Houthis Say They Can Reassess Red Sea Attacks When Israel Ends War Against Hamas

Houthis Say They Can Reassess Red Sea Attacks When Israel Ends War Against Hamas
Greek-flagged bulk cargo vessel Sea Champion is docked to the port of Aden, Yemen, to which it arrived after being attacked in the Red Sea in what appears to have been a mistaken missile strike by Houthi militia, on Feb. 21, 2024. (Fawaz Salman /Reuters)

LONDON/ADEN/CAIRO—Yemen’s Houthi terrorist group said on Tuesday they could only reconsider their missile and drone attacks on international shipping in the Red Sea once Israel ends its war against the Hamas terrorist group in the Gaza Strip.

Asked if they would halt the attacks if a ceasefire deal is reached, Houthi spokesman Mohammed Abdulsalam told Reuters the situation would be reassessed if the siege of Gaza ended and humanitarian aid was free to enter.

“There will be no halt to any operations that help Palestinian people except when the Israeli aggression on Gaza and the siege stop,” he said, referring to the Israeli-Hamas war that began on Oct. 7, 2023, when Hamas attacked southern Israel killing 1,200 Israelis and taking about 240 Israelis hostage.

A Marshall Islands-flagged, Greek-owned bulk carrier on Tuesday reported that a missile hit the water 3 nautical miles from the ship, which was located 63 nautical miles northwest of Hodeidah, Yemen, British maritime security firm Ambrey said in an advisory note.

The United Kingdom Maritime Trade Operations (UKMTO) also sent an alert on the incident, adding that the crew and vessel were reported safe and proceeding to the next port of call.

There was a Panama-flagged, UAE-owned chemical/products tanker approximately 2 nautical miles away at the time the missile was sighted, Ambrey said.

In what appears to be a related event, the Houthi’s Al-Masira television said late on Tuesday that the United States and the UK together launched two airstrikes over Hodeidah, Yemen’s oldest port city.

Shipping risks have escalated due to repeated Houthi strikes in the Red Sea and Bab al-Mandab Strait since November in what they describe as acts of solidarity with Palestinians against Israel in the Gaza war.

Top global container line Maersk on Tuesday advised clients to prepare for disruptions in the Red Sea to last into the second half of the year and to build longer transit times into their supply chain planning.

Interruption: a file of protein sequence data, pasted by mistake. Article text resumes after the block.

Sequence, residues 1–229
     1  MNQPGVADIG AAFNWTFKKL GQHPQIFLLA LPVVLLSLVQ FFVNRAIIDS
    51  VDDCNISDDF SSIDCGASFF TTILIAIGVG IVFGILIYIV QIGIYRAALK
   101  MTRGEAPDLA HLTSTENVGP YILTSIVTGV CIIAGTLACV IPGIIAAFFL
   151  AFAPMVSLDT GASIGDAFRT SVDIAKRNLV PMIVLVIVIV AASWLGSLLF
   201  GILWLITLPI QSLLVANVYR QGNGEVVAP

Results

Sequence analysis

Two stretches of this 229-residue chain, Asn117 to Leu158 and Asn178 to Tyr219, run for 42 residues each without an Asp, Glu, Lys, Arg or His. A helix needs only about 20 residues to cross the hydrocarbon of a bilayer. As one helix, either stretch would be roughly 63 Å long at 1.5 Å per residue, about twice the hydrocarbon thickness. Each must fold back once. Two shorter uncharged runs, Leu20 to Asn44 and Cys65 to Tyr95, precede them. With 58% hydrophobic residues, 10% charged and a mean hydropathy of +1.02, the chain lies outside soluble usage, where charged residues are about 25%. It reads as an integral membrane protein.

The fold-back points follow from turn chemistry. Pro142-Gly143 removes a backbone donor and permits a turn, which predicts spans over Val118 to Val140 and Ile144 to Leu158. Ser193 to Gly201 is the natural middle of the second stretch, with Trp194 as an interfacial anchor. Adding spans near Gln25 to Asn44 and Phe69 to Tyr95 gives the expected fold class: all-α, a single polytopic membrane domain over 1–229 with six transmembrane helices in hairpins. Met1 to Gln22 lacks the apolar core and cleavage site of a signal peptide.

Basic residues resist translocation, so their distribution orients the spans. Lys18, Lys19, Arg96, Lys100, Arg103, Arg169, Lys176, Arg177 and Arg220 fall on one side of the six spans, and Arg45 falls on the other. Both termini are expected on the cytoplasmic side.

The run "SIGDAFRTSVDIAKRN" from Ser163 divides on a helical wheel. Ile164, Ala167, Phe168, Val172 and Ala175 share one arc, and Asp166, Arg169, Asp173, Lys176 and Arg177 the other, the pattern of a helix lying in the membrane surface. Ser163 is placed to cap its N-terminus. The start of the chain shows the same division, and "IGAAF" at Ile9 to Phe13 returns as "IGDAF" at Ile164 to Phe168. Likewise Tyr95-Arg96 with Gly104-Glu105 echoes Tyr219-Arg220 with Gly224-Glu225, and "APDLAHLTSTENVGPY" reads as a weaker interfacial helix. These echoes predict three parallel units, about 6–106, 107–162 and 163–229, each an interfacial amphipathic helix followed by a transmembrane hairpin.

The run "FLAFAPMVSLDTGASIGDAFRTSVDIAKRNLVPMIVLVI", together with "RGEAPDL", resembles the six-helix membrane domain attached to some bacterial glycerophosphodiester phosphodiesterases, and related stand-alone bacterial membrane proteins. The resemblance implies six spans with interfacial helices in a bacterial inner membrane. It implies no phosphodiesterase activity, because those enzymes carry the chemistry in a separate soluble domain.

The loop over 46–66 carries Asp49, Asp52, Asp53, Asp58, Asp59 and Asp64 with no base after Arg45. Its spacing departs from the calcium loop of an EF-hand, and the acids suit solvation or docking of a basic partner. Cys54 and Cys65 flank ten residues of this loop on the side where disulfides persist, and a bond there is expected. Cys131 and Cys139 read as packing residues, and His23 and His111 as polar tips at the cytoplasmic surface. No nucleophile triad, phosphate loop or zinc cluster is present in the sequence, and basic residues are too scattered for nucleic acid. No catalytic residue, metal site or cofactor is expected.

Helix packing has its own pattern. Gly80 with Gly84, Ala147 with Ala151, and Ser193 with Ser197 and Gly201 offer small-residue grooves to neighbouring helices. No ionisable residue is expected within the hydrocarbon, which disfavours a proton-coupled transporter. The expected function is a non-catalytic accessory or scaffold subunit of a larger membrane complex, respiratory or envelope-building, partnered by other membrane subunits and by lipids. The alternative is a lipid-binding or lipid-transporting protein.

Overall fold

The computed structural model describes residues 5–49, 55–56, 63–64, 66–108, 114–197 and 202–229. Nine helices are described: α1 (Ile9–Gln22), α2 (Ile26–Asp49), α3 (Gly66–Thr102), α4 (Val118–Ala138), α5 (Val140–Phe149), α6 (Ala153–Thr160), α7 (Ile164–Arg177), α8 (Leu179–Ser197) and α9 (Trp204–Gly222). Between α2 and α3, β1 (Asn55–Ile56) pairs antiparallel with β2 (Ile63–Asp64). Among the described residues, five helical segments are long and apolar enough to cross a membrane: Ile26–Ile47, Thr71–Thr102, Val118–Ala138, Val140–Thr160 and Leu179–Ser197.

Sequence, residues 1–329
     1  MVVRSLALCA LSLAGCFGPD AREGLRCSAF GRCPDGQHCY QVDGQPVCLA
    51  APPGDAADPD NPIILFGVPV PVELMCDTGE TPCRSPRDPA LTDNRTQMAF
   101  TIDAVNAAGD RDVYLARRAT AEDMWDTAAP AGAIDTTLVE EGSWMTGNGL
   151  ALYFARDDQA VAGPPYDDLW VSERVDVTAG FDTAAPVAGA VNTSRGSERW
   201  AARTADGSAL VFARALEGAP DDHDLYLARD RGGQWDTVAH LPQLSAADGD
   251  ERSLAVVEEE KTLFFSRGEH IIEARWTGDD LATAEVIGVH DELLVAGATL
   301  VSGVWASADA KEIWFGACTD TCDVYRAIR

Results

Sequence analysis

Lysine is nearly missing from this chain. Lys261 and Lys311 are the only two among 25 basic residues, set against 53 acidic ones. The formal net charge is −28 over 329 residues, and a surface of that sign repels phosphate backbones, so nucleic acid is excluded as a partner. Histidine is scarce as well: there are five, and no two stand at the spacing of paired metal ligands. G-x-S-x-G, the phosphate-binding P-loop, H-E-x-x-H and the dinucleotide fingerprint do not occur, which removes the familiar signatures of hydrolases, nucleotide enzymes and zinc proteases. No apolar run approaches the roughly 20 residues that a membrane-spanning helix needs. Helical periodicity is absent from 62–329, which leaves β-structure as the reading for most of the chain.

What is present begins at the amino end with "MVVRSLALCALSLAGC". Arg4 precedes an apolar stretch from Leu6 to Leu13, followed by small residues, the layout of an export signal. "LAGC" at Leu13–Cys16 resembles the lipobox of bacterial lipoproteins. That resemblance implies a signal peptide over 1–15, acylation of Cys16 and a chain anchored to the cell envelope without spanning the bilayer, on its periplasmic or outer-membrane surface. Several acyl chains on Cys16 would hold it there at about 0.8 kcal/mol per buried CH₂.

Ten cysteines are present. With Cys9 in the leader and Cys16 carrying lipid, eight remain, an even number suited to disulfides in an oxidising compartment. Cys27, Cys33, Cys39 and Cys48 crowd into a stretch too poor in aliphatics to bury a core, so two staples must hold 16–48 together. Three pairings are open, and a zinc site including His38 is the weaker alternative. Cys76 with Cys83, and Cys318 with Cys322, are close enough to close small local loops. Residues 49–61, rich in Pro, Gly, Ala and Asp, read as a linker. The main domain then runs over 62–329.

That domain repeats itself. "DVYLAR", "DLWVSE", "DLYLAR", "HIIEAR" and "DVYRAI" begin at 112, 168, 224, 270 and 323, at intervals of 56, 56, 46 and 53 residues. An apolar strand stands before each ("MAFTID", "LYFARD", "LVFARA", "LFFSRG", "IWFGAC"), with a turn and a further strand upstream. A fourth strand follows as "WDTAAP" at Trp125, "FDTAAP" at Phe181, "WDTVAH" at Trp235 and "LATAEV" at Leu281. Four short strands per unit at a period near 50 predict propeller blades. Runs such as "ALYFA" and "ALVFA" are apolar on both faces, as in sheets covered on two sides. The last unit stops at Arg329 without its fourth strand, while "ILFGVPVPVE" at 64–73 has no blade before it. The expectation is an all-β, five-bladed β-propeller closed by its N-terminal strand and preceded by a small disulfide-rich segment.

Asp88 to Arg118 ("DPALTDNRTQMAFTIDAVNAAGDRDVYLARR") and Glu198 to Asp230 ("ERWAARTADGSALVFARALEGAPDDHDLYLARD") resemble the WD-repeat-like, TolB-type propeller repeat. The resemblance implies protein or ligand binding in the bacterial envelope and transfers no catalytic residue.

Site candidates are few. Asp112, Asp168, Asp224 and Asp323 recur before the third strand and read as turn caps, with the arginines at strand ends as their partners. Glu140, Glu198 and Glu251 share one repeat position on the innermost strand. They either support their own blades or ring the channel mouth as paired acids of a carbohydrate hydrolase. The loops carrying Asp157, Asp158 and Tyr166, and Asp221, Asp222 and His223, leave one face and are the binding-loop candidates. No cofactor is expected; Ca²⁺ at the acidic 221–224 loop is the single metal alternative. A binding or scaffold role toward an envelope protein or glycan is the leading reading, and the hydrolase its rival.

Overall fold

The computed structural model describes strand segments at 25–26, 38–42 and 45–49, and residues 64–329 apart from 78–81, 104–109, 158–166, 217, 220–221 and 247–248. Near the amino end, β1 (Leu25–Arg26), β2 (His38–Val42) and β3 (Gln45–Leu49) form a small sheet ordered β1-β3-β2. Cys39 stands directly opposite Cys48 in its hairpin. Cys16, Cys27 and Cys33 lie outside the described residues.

Seafarers remain in the firing line and have signed agreements to receive double pay when entering the high-risk zones and have the right to refuse to sail on ships passing through the Red Sea.

Galaxy Maritime Ltd, the UK-registered owner of car carrier Galaxy Leader which was hijacked by the Houthis on Nov. 19 with its 25 crew members, said on Tuesday that the mariners from Bulgaria, Ukraine, Mexico, Romania, and the Philippines had “nothing whatsoever to do with the conflict in the Middle East.”

“Families of those being detained are now calling on the international community to take action to secure the immediate release of the crew,” Galaxy Maritime said in an update.

Arsenio Dominguez, secretary-general of the U.N.’s International Maritime Organization (IMO), at a meeting called for “collective action to fortify the safety of those at sea” and for the release of the Galaxy Leader.

The Houthis, who control Yemen’s most populous regions, have sent shipping officials and insurers formal notice of what they termed a ban on vessels linked to Israel, the United States, and Britain from sailing in surrounding seas.

Yemen’s officially recognized government said in a letter circulated on Feb. 15 to IMO member countries that it had “warned of the danger of the Houthi militia” adding that the group had “continued to randomly plant sea mines,” while also using drone boats and missiles.

The fate of the abandoned cargo vessel Rubymar was unclear after it was hit by a Houthi missile on Feb. 18 in the southern Red Sea and was leaking fuel. The vessel remained submerged. If it goes down, it would be the first sinking linked to the ongoing Houthi campaign.

The ship’s chartering broker told Reuters on Monday that it was looking to bring a work ship to close a hole caused by the Houthi missile. There was no further update on Tuesday.

By Jonathan Saul and Mohamad Ghobari